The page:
To enable the mod to be fitted the standard threaded insert or plug inside the OEM bars has to be drilled and re-tapped to take an M6 screw rather than the easily damaged M5 screw with a tiny 3mm allen head that has given so much trouble among members here. This was no hardship for me as I had already done just that to enable me to try out different bar-end weights in the past in an attempt to ease the numb hands effect. You'll also find that bearings with a 5mm inner race and the required diameter are not available whereas ones with a 7mm ID are available off the shelf at any bearing supplier.
Another minor change is that the throttle assembly has to be moved outwards from the end of the handlebar by some 9-10mm or so. In the case of the SE, the other items like the RH switch cluster and brake master cylinder/lever assembly also has to be moved to keep all these items close together.
The bearing used has an international reference which is 627 2RS. Any supplier will identify it from that number and they only cost a couple of Dollars. It has the following dimensions: OD 22mm, ID 7mm, witdh 7mm. Note that the 22mm OD is exactly the same as the handlebar tubing OD and we need it to be a little bigger to keep the sleeve from contacting with the handlebar tubing to minimise friction. This was done by supplementing it with a plastic sleeve made from a heat-shrinkable piece of tubing. The throttle sleeve has an ID of 22.8mm. The plastic sleeving has a wall thickness of just over 0.4mm and this enables the bearing to fit snuggly inside the throttle sleeve.
This only works for 7/8" (22mm) handlebars, of course. For 1" (25mm) bars you'll need to use a bearing with an OD of something like 26mm, but these come with an ID of 9mm or so. This means that the bars threaded insert would have to be opened to take an M8 bolt. The M6 screw could be used by sleeving the shank of the screw where it passes through the bearing from 6mm up to just under 9 to match the bearing's ID. It's possible that the Arlen-Ness kit could be adapted to the 1" bars as I believe Harleys use that size handlebars.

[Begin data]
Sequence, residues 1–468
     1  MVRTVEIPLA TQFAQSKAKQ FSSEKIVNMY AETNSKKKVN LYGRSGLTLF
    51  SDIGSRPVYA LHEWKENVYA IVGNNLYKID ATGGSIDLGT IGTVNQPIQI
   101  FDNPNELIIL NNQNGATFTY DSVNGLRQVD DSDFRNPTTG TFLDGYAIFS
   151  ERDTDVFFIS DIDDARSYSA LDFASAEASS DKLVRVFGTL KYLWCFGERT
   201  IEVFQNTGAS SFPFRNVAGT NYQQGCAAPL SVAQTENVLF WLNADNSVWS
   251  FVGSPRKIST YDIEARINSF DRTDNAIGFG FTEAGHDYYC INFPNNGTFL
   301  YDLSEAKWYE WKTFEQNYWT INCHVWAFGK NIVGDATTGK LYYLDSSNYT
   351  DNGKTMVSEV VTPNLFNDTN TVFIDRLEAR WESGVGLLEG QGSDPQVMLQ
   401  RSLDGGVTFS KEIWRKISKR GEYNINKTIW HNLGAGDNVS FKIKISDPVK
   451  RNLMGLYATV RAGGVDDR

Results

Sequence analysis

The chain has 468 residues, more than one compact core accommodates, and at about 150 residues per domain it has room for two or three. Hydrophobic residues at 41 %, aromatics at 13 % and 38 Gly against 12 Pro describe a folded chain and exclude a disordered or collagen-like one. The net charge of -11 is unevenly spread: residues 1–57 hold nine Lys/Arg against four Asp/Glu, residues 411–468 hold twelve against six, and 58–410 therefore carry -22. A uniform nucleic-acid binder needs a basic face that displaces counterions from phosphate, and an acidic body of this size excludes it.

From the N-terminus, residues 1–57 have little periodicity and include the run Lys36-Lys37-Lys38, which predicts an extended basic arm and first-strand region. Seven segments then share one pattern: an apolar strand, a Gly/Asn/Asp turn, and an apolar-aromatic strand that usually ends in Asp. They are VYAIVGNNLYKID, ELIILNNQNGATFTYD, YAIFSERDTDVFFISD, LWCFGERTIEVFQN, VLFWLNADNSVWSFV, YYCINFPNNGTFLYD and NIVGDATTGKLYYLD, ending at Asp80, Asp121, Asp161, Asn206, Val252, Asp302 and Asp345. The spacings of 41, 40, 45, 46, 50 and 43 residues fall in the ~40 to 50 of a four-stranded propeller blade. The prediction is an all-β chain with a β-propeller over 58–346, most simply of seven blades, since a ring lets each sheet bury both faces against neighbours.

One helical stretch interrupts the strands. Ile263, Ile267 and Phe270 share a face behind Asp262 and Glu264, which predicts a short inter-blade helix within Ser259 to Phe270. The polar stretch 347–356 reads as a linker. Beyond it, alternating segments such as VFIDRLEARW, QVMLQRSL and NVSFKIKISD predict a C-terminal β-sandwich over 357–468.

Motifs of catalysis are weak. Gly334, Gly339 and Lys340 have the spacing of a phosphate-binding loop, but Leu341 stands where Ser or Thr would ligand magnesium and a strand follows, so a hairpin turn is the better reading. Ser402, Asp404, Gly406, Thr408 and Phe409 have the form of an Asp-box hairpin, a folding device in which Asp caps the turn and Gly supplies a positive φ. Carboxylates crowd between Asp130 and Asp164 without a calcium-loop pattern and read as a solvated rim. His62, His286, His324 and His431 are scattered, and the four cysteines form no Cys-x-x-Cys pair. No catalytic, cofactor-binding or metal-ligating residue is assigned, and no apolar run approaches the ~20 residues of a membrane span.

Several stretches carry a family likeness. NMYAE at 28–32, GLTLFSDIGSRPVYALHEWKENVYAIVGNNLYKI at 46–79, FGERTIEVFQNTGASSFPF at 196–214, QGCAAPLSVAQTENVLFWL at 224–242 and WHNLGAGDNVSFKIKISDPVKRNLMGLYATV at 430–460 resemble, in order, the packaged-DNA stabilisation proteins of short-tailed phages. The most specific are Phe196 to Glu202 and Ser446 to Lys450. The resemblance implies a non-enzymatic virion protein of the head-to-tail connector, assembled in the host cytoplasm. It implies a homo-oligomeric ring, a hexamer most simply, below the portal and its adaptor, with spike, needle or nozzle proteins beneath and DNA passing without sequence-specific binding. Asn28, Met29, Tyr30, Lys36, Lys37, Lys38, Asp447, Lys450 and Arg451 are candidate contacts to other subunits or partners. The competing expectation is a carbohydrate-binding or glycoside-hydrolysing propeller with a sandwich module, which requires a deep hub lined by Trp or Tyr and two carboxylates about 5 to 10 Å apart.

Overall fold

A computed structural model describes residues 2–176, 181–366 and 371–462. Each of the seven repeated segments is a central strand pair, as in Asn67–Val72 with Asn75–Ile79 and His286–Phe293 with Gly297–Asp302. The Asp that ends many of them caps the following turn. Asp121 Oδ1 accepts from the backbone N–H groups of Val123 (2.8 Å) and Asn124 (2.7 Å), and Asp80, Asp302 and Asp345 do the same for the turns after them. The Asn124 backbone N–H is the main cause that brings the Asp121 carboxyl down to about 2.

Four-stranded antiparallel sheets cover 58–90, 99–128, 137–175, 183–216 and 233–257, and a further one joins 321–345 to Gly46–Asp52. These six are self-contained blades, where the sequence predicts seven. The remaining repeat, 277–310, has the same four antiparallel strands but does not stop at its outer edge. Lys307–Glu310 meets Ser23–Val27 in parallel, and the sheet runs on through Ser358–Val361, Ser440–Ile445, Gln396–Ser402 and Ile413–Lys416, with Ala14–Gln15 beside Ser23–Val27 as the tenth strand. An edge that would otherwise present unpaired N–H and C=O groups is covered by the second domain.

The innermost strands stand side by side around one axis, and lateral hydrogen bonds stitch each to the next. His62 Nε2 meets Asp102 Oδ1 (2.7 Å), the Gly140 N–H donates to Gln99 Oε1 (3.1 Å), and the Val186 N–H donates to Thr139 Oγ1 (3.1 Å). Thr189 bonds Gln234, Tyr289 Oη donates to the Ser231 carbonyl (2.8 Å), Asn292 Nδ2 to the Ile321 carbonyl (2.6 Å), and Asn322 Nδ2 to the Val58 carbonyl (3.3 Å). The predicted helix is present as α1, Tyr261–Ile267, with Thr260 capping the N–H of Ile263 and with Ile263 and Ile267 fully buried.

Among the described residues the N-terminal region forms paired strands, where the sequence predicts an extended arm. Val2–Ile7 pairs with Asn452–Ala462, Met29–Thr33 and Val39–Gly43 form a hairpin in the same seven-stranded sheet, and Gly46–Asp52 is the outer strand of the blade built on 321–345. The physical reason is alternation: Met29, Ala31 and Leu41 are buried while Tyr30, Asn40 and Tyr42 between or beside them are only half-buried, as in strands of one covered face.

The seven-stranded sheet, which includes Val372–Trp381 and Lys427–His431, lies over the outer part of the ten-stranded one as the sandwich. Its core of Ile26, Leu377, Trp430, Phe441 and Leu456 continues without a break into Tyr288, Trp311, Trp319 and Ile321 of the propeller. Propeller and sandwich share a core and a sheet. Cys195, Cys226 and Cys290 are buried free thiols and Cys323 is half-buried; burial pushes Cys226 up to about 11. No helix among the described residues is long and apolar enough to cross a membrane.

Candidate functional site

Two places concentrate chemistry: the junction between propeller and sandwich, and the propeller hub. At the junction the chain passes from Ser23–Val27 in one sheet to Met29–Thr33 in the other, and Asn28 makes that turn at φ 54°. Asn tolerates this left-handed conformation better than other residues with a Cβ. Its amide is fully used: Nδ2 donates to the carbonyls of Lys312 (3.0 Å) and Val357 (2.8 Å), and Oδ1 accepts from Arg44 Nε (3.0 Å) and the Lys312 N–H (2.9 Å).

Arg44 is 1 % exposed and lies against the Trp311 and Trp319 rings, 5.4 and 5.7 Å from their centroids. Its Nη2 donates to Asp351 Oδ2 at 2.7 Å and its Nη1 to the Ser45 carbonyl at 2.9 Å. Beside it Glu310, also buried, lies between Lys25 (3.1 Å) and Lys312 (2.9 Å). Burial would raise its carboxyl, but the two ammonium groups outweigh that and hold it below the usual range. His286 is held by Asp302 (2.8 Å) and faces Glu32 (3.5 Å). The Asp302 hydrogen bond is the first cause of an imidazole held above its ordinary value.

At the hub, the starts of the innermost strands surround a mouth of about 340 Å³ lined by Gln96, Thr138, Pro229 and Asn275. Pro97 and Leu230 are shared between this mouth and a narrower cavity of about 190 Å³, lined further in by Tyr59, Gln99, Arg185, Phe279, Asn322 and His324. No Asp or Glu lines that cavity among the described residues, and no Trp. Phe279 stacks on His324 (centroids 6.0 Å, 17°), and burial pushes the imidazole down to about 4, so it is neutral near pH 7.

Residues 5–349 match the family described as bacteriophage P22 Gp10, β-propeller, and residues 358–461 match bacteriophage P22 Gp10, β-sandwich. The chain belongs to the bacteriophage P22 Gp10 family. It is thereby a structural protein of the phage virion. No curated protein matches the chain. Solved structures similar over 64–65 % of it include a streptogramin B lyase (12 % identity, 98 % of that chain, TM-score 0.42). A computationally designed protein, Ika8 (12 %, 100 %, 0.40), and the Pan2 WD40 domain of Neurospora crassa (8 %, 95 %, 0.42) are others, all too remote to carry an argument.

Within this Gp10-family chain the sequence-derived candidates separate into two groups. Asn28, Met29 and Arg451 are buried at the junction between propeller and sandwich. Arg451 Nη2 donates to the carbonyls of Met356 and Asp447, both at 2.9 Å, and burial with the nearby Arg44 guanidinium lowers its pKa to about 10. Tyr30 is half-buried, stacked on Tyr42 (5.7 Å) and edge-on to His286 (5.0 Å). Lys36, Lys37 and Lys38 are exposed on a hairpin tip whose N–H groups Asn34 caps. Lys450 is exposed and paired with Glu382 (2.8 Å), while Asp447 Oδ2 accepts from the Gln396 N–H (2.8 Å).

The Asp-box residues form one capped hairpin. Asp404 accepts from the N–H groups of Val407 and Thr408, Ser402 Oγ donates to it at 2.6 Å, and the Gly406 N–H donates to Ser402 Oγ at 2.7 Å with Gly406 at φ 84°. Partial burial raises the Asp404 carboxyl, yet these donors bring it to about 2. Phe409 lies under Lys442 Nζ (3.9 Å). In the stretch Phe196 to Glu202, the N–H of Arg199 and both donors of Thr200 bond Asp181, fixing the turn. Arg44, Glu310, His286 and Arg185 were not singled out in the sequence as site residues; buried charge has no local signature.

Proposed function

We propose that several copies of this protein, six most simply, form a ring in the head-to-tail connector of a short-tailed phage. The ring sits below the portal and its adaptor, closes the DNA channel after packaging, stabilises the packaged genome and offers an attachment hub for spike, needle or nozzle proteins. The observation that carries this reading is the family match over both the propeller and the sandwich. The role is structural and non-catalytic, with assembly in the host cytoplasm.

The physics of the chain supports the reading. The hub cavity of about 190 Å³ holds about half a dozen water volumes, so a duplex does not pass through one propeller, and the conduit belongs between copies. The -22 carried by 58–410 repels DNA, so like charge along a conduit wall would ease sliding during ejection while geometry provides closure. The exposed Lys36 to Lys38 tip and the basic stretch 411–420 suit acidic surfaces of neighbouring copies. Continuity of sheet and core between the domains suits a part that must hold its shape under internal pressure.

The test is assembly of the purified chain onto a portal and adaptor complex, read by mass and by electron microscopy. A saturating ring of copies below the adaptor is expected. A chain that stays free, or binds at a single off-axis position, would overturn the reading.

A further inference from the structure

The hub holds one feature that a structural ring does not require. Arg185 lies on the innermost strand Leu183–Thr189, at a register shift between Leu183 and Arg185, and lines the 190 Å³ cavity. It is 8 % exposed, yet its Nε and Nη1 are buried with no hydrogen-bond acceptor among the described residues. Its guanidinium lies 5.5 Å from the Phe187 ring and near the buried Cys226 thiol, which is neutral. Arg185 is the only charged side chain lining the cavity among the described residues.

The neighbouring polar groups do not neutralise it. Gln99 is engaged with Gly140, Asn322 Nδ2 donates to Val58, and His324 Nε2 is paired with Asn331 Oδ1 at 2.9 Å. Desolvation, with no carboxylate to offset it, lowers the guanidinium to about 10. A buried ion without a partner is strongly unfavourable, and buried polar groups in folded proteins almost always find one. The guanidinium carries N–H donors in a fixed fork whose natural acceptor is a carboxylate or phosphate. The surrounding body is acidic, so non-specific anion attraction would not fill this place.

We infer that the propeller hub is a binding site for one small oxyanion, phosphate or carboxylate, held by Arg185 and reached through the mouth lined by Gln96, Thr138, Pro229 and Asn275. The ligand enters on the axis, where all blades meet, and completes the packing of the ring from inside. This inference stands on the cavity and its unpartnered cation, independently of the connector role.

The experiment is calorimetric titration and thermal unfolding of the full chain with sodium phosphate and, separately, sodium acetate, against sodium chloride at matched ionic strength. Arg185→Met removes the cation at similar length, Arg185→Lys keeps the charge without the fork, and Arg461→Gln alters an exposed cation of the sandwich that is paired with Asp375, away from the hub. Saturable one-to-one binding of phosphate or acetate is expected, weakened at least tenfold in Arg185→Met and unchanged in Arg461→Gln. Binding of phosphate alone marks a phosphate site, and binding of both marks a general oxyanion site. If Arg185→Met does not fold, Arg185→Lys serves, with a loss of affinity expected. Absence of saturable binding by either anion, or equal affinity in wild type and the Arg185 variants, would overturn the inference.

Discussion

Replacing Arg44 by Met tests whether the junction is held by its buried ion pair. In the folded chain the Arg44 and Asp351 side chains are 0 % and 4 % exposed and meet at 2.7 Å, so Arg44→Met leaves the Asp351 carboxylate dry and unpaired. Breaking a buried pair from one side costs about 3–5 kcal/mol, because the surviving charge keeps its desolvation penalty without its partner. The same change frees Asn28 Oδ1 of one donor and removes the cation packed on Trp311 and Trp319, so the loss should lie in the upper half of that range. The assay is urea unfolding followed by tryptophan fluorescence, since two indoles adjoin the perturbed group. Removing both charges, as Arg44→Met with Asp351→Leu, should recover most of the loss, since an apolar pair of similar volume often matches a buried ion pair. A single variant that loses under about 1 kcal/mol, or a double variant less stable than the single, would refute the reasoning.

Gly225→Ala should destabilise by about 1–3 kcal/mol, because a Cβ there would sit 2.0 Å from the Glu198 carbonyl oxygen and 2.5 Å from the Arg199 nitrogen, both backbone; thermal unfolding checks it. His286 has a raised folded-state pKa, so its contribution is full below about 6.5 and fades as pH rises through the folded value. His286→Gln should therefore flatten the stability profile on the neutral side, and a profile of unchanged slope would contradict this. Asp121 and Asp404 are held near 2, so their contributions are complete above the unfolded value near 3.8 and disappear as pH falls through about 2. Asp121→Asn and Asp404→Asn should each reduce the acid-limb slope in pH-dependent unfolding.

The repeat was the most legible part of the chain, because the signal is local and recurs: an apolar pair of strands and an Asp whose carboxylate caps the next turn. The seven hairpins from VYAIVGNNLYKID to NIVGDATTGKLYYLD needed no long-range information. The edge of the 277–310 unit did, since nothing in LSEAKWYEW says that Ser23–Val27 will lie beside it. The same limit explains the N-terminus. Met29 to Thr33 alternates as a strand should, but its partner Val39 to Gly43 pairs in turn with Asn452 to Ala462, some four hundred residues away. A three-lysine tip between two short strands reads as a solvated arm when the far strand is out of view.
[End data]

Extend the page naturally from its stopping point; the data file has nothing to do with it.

The distance from the bar threaded insert or plug to the bearing inner race has to be bridged by a suitable distance piece. It musn't be allowed to touch the plastic seals or outer race though, otherwise it won't work. I used a 10mm wide spacer with a 6mm inner hole and a total length of 15mm. To enable the distance piece to stay put inside the bar space a rubber grommet was slipped over it. This holds it central.
I considered re-fitting the OEM bar-end weight, but this would have to be cut down to fit, so I hit on the next idea: I modified one of PJ Glassfibre's passenger footpeg eliminators by drilling and counterboring. This is of a larger diameter that the OEM weight and overlaps the rubber handgrip by a few mm. This enables the fitting of a 20x3mm "O" ring over the handgrip. It can be slid over the end of the grip up to the new bar-end where it lightly wedges against it creating enough friction to act as a cruise control...Bliss!.
The total weight of the bearing, spacer, bolt, etc plus the new bar-end comes to 75 grams. Coincidentally this is the same weight as the original Triumph bar-end weight, so no difference there.
Note that no matter what sort of bar-end weight you use, the standard one cut down or a home made one like mine, you'll need to space it from the bearing with some sort of washer to stop it applying pressure to the outer race or the plastic seals. The clamping forces should only be applied to the centre race part of the bearing.